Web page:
And the Baby Is . . .

[Photo by gabi menashe.] This story is continued from Alexandria Jones and the Eighty-Yard Drive

There was a time-out on the field, and the Jones family sat down for a brief rest. Sam asked, “How do babies decide when it’s time to be born?”

“Well, son, it has to do with numbers. You see,” Uncle Will explained, “the baby spends his first month thinking about the number one.”

“That’s not much to think about,” Sam said. “But I suppose he can’t handle much at that age.”

The Wonder of Numbers

Alex shook her head. “One is an interesting number,” she said. “It’s one of only two numbers that are their own square root, and it’s the only number that you can multiply by without changing your answer.”

“The second month, the baby contemplates the number two. . .”

“The only even prime,” Leon said.

“And so on,” Uncle Will continued, “until he gets to the number nine. Then the baby gets so excited about the magic powers of nine, that he just can’t sit still any longer.”

“What magic powers of nine?” Sam asked.

“You can’t get rid of it,” Leon said. “No matter what you multiply nine times, if you add up the digits, it comes back to nine.”

“And for any number,” Alex said, “if you want to divide by nine, you can know right away what your remainder is. Like, 125÷9 will have a remainder of 8, since 1+2+5=8.”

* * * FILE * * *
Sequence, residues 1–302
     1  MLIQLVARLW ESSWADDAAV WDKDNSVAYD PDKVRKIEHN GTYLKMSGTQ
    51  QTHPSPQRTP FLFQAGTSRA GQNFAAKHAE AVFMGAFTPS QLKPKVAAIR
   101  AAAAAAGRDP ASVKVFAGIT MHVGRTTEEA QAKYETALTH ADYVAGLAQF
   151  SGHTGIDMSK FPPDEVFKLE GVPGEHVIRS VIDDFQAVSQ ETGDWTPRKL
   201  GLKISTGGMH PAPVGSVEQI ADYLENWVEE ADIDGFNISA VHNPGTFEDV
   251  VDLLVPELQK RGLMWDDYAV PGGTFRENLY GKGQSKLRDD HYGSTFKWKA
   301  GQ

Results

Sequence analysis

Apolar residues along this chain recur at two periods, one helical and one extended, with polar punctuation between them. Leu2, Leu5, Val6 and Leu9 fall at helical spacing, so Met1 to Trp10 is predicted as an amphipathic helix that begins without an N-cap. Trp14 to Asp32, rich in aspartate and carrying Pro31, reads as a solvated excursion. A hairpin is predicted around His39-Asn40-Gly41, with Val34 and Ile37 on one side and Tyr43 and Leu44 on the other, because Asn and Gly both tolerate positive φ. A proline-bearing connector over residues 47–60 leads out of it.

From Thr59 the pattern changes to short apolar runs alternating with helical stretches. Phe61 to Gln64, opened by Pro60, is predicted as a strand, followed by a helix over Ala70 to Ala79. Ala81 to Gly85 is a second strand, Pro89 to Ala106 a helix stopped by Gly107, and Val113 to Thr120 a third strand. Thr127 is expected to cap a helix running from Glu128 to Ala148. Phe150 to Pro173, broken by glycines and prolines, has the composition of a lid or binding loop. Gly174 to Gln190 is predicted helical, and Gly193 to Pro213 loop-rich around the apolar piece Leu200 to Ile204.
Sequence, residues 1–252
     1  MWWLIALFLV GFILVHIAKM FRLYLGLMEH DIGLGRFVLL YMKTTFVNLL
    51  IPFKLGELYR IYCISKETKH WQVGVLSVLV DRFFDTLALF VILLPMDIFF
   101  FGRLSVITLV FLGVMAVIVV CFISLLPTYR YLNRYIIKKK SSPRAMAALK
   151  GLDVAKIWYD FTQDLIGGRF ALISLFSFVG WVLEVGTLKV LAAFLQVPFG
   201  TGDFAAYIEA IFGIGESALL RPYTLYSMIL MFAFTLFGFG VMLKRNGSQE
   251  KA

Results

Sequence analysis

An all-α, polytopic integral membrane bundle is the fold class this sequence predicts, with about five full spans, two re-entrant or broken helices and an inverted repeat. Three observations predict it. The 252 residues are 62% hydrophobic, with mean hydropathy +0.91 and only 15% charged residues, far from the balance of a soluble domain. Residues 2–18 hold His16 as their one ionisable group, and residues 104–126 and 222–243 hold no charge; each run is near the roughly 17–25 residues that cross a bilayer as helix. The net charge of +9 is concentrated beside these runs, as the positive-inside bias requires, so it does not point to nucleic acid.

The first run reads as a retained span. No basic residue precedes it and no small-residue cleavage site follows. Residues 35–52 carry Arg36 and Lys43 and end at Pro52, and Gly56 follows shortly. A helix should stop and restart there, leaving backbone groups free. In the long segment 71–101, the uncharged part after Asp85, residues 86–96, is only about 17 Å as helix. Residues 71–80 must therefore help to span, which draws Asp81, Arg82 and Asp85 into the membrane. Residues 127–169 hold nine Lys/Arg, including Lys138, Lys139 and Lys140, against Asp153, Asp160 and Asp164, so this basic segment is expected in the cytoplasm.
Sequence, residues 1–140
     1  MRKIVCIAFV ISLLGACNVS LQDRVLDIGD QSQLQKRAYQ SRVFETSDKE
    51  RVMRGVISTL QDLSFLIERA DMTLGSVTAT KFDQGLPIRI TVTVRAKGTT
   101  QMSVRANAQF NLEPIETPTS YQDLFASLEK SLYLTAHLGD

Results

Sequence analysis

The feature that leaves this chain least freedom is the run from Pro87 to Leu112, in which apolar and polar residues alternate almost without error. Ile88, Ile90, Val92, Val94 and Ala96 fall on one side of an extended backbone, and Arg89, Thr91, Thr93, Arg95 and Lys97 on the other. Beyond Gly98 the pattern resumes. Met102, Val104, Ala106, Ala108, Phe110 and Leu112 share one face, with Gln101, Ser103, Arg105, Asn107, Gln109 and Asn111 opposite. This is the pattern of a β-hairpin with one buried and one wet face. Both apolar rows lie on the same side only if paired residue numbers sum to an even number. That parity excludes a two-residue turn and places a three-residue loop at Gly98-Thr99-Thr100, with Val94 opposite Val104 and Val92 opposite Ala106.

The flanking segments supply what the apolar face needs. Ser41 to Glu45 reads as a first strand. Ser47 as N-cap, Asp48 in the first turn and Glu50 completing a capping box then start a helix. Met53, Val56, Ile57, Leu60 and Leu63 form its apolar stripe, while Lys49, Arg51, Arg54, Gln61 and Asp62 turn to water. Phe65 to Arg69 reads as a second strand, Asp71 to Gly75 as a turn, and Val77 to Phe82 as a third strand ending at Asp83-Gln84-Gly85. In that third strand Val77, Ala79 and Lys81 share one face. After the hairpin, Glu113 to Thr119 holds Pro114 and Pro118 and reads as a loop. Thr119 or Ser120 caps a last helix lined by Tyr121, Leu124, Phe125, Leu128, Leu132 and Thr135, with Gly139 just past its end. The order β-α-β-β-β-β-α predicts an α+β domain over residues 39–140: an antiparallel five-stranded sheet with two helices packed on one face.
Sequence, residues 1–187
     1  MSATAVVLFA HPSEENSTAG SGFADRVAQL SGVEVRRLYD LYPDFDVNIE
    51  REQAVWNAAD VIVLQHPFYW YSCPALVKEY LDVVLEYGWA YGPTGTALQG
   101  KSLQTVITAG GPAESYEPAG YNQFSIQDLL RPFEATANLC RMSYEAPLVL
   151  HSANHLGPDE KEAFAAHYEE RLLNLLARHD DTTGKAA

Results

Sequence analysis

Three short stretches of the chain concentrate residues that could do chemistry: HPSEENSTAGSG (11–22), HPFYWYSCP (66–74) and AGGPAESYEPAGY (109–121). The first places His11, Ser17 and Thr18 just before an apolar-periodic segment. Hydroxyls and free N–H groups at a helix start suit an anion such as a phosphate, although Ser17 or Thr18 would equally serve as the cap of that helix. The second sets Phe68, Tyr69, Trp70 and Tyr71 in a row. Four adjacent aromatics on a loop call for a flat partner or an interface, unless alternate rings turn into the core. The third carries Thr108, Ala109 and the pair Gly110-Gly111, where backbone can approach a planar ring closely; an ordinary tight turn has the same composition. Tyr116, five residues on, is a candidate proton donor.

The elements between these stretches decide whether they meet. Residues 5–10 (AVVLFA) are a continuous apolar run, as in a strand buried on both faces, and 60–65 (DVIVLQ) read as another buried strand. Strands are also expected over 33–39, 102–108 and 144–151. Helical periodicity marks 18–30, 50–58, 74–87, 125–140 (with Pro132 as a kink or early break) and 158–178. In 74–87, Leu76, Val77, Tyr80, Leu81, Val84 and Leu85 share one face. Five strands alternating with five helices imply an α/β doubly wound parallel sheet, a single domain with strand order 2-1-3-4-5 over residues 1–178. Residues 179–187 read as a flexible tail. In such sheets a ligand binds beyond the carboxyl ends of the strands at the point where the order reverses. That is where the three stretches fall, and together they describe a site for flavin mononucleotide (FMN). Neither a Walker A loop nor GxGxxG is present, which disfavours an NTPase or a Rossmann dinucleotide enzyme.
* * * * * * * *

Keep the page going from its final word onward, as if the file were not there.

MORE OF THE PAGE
Uncle Will nodded. “That’s called casting out nines, and it’s a useful trick. Maybe I’ll explain it to you sometime. . .”

[For more interesting facts about numbers, visit What’s Special About This Number?]

[Photo by peasap (Paul Sapiano).]

Meet Little Renée

After the game, Uncle Will drove Alex and Leon to the hospital, where they finally met their new baby sister, Renée Bonita Jones.

Readers may remember Alex wondering whether the baby would share a mathematician’s birthday. After all, there were many famous mathematicians born in December. Well, it turns out that Renée was born in November — and she still managed to hit a mathematician’s birthday.

November 20 is the birthday of Benoit Mandelbrot, who discovered the Mandelbrot set and coined the term fractal. Watch for more about him in our next issue, which will be devoted to fractals and chaos theory.

To Be Continued…

Read all the posts from the November/December 1999 issue of my Mathematical Adventures of Alexandria Jones newsletter.


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